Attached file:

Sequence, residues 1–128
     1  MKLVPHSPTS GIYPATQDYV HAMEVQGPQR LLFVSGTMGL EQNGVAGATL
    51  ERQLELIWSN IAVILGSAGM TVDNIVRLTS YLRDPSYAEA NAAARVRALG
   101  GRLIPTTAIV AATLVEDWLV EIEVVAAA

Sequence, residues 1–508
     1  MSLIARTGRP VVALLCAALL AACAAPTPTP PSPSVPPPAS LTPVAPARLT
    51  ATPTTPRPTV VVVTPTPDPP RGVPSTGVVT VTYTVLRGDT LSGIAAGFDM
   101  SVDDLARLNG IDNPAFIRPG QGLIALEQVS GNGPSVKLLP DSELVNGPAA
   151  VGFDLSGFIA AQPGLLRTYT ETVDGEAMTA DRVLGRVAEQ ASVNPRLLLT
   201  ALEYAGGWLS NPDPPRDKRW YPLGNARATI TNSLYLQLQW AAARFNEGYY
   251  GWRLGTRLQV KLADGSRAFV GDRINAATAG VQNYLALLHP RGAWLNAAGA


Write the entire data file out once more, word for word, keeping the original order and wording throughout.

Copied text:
Sequence, residues 1–128
     1  MKLVPHSPTS GIYPATQDYV HAMEVQGPQR LLFVSGTMGL EQNGVAGATL
    51  ERQLELIWSN IAVILGSAGM TVDNIVRLTS YLRDPSYAEA NAAARVRALG
   101  GRLIPTTAIV AATLVEDWLV EIEVVAAA

Sequence, residues 1–508
     1  MSLIARTGRP VVALLCAALL AACAAPTPTP PSPSVPPPAS LTPVAPARLT
    51  ATPTTPRPTV VVVTPTPDPP RGVPSTGVVT VTYTVLRGDT LSGIAAGFDM
   101  SVDDLARLNG IDNPAFIRPG QGLIALEQVS GNGPSVKLLP DSELVNGPAA
   151  VGFDLSGFIA AQPGLLRTYT ETVDGEAMTA DRVLGRVAEQ ASVNPRLLLT
   201  ALEYAGGWLS NPDPPRDKRW YPLGNARATI TNSLYLQLQW AAARFNEGYY
   251  GWRLGTRLQV KLADGSRAFV GDRINAATAG VQNYLALLHP RGAWLNAAGA